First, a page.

EXCLUSIVE: Meet the student medics who treated their friend, MIT cop Sean Collier, as he died

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Much loved security officer died Thursday after being shot by Boston Marathon bombers. EMTs were praying it wasn't Collier as they sped to the scene.

BY Chelsia Rose Marcius AND Corky Siemaszko / NEW YORK DAILY NEWS
WEDNESDAY, APRIL 24, 2013, 1:22 AM

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MIT Emergency Medical Technicians (from left) Maximilian Tang, Dylan Soukup and Juliann Shih, all 20, treated fatally wounded MIT Police Officer Sean Collier late Thursday night.

Boston was still reeling from the bombings and a manhunt was underway for the suspected killers when a trio of young EMTs gathered in an office on the MIT campus to start their shift.

The massacre at the marathon finish line had happened just across the Charles River from their campus.

But for Dylan Soukup, Juliann Shih and Maximilian Tang, all 20 and full-time students at the prestigious university, it was shaping up to be a routine night.

Then, at around 11 p.m. Thursday, the police radio crackled — and the tragedy that transfixed the world was suddenly on their doorstep.

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MIT officer Sean Collier, 26, of Somerville, was the victim in a shooting by Boston Marathon bombing suspects Dzhokhar A. Tsarnaev, 19, and Tamerlan Tsarnaev, 26.

“That’s when we hear radio dispatch call that someone was shot,” said Soukup.

Minutes later they found themselves rushing to save the fourth victim of the terrorist Tsarnaev brothers — a beloved 26-year-old MIT police officer named Sean Collier.

In an exclusive interview with The Daily News, Soukup and the others said they knew Collier well. He often spent his breaks in the EMTs basement office playing video games.

“From the beginning, he was the best officer; we always wanted to be on calls with him,” said Soukup. “He was young like us. He understood us.”

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Collier, (in uniform, center back), was popular with the MIT students. Here, he plays video games with friends from the the MIT EMS squad: (from left) David Levonian, Aditya Kalluri, Sean Collier, Maximilian Tang, Noel Morales and Juliann Shih.

But when they heard the shooting was at 32 Vassar St., Soukup said they realized that “was exactly where Sean was.”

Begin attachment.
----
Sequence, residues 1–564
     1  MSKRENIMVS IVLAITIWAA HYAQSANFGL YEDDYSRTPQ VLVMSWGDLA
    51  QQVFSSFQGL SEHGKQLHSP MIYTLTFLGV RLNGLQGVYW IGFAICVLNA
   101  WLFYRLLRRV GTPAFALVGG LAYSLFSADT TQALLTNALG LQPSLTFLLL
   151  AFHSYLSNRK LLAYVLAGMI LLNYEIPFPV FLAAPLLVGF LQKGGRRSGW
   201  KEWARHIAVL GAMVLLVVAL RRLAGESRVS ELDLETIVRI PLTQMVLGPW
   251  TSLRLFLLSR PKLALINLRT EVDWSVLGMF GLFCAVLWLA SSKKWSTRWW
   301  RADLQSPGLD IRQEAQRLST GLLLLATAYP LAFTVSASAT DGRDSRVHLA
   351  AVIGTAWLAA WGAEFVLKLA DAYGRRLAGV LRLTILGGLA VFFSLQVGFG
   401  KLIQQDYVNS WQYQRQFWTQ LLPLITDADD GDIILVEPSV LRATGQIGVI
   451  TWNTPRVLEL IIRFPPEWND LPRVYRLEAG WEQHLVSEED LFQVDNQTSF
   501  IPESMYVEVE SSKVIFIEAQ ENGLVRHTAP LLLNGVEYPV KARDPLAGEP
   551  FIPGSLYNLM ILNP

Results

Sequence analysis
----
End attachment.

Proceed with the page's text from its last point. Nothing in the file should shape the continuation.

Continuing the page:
“‘I hope it’s not Sean,’ was the only thing that was going through my head,” said Soukup. “I just kept thinking, ‘I hope it’s not Sean. I hope it’s not Sean.’”

Shih said they tried to think of Collier as just another patient.

“It’s burned into us not to think too much about who the patient is, but to do everything we can in that time and at that moment,” she said.

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A memorial set up for MIT Police Officer Sean Collier, who was killed during the manhunt for suspected Boston Marathon bombers Tamerlan and Dzhokhar Tsarnaev.

Citing privacy laws, the EMTs declined to say what — if any — aid they gave Collier. But Shih said she went to the hospital after her shift to see if he made it.

“I had to look, I had to know,” she said. “He wasn’t there. Then I knew.”

Tang said all through the night their cellphones “were exploding” with calls from worried cops wondering what happened to Collier.

“It was really hard not to tell them,” he said.

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Juliann Shih (right) said the EMTS tried to think of Officer Collier as just another patient, but she went to the hospital after her shift to see if he made it. ‘I had to look, I had to know,’ she said. ‘He wasn’t there. Then I knew.’

Tang said he and the others kept their feelings bottled-up until they met later with their superior.

“Recapping it all for them was the first point we all kind of let our guard down,” Soukup said. “We were just trying to hold it in.”

They had seen Collier just an hour before he was murdered.

“He flashed his emergency lights at us,” said Soukup. “It was his way of saying hello. I flashed the (ambulance) lights back at him and we waved and smiled.”

Then, blinking back tears, Soukup added, “That was the last time I saw him alive.”

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